Orrin Evans and the Captain Black Big Band at Dizzy's Club Coca Cola

Keith Henry Brown By

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Orrin Evans and the Captain Black Big Band
Dizzy's Club Coca Cola
New York, NY
October 6, 2013

Though the band leader/pianist /composer Sun Ra spoke of being part of an "Angel Race" from Saturn, his music, as avant-garde as it could sometimes be, was for the large part, accessible. One of his lifetime heroes was Duke Ellington, not just for his ability to lead a brilliant orchestra, but also for the melodic purity of his compositions. Ra kept the swing in his big band, despite the fact that he believed his art was inherited from the farthest reaches of space. This was apparent in a recent performance of Orrin Evans' Captain Black Big Band at Dizzy's Club Coca Cola. Often tribute bands play the music of a late great artist by either suggesting the past or emulating it. But Orrin Evans and his group of young master musicians embodied the swing, the emotion and the sheer ferociousness of a Sun Ra concert, circa 1974.

The band seemed to a swoop onto the stage rather than enter from stage left; Evans opened with a Duke-like solo piano introduction leading into the familiar Ra staple, "Space Is The Place." Evans began to whisper, then shout the word "space," as the band systematically followed suit. In moments, the music built up to a frenzied crescendo and the audience experienced a lift-off, with Evans' rolling piano playing providing a horizontal thrust. "Space" segued into "Rocket Number Nine," where the band members chanted a resplendent journey to Venus. Here, lead saxophonist Todd Bashore unleashed a transient, surprisingly propulsive solo, powered in part by Nasheet Waits startlingly precise thrashing, suggesting a wild, eventful ride to the heavens. By this point in the evening, everyone in the room became swept up by the experience and Orrin Evans was firmly in place as a gracious guide through Sun Ra's universe. "The Hour Of Parting," a lovely tune made famous by Teddy Wilson and his orchestra, featured an abstract solo by the youthful bassist Luques Curtis that exhibited the uniqueness of a Sun Ra performance into the confines of a well known standard. We returned now to the heavens with Evan's chunky opening to "We Travel The Space Ways"—a composition bearing Ra's signature avant- garde rhythms with a firmly grounded swing.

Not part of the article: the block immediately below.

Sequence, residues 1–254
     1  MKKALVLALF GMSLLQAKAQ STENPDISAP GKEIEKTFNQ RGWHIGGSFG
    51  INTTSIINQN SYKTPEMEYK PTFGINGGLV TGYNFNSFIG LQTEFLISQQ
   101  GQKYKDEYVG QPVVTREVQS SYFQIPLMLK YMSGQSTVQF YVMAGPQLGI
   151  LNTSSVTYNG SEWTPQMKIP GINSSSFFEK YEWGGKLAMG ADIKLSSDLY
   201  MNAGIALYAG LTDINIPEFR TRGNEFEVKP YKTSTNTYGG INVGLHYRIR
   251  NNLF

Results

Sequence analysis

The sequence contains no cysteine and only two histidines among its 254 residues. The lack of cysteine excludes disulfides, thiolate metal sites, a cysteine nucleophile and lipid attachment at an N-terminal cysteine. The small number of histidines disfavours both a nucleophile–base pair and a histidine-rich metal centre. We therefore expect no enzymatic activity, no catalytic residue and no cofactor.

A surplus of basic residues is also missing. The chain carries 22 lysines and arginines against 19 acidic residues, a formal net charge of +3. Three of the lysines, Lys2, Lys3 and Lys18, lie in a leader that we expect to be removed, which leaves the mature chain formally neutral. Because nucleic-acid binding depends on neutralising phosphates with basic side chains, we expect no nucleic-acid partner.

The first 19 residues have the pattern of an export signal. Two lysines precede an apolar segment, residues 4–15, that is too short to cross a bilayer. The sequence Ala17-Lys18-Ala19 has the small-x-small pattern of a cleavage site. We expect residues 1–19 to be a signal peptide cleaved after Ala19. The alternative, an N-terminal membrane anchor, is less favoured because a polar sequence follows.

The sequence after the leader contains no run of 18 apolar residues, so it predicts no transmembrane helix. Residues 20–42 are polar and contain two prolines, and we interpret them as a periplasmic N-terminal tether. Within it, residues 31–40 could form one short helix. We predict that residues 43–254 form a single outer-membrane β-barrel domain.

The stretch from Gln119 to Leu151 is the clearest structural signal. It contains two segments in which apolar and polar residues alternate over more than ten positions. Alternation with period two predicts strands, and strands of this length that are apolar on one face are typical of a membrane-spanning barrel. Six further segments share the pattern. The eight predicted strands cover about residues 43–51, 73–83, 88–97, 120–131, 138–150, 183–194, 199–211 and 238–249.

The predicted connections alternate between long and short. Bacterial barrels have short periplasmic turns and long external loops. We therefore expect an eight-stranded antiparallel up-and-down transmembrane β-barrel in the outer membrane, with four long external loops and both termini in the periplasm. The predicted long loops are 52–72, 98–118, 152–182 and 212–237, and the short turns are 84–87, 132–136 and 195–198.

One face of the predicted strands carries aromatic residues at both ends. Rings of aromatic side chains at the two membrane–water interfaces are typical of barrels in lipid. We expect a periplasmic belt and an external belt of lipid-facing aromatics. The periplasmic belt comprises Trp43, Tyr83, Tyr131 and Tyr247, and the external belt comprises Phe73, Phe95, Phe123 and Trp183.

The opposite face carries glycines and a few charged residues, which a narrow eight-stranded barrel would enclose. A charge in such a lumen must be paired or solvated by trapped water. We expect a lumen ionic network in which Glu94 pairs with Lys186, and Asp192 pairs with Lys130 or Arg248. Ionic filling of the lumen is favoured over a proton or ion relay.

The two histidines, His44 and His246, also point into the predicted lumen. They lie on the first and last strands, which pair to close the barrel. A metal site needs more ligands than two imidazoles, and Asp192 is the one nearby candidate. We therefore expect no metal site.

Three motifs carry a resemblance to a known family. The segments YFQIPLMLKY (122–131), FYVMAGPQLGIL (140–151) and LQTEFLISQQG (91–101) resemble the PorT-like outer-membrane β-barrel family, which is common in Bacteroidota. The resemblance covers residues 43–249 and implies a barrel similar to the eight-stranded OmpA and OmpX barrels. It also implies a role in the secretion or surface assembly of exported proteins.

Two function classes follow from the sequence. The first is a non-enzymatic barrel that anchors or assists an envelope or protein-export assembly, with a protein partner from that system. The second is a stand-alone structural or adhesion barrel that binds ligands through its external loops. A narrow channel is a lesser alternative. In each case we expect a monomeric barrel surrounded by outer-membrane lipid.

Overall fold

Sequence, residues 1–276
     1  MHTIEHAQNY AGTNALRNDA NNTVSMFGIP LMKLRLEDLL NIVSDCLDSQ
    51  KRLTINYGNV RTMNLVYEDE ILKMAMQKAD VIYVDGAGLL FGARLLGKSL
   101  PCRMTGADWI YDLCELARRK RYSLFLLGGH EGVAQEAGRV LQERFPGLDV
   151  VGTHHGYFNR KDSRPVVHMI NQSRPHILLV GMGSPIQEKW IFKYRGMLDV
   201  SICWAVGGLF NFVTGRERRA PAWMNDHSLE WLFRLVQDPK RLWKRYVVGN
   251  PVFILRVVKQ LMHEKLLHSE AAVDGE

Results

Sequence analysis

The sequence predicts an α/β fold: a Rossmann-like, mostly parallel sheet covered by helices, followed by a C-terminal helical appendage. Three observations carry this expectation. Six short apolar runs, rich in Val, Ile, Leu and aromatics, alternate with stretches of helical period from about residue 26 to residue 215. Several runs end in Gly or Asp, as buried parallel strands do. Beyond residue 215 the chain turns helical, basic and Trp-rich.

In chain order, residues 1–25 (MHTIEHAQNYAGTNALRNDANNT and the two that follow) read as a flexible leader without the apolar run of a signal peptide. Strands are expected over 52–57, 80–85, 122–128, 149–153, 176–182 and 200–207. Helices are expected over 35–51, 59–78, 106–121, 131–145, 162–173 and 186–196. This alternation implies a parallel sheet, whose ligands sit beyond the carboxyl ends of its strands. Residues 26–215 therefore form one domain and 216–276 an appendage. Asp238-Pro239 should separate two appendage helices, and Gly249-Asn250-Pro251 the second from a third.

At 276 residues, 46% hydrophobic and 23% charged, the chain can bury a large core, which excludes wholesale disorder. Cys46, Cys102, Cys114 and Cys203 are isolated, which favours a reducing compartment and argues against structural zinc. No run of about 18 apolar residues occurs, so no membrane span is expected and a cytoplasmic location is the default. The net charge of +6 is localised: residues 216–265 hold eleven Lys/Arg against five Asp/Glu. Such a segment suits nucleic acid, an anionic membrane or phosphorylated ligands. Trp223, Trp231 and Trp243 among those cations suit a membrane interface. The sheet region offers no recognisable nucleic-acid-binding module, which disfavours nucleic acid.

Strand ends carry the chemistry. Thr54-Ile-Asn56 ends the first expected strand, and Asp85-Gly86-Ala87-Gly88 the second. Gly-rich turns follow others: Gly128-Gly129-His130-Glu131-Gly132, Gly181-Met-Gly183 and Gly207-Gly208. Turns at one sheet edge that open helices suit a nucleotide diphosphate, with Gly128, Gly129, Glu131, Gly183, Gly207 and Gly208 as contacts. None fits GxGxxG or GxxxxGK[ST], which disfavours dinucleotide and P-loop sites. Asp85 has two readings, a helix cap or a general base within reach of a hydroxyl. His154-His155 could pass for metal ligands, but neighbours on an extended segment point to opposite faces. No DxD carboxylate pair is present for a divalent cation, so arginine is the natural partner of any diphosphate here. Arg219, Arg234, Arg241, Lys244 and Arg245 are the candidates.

"Interplanetary Music" brought forth the awesome might of a fully operational Captain Black Big Band, featuring Bashore's big, bold solo as well as a sensitive and respectable turn by fine trombonist David Gibson.

Ending the night for a soft landing was "Demon's Lullaby," a happy, funky stomp where every member of Evan's band got to swing in a more traditional vein. A fitting end to an exceptional night of mind-blowing sounds.
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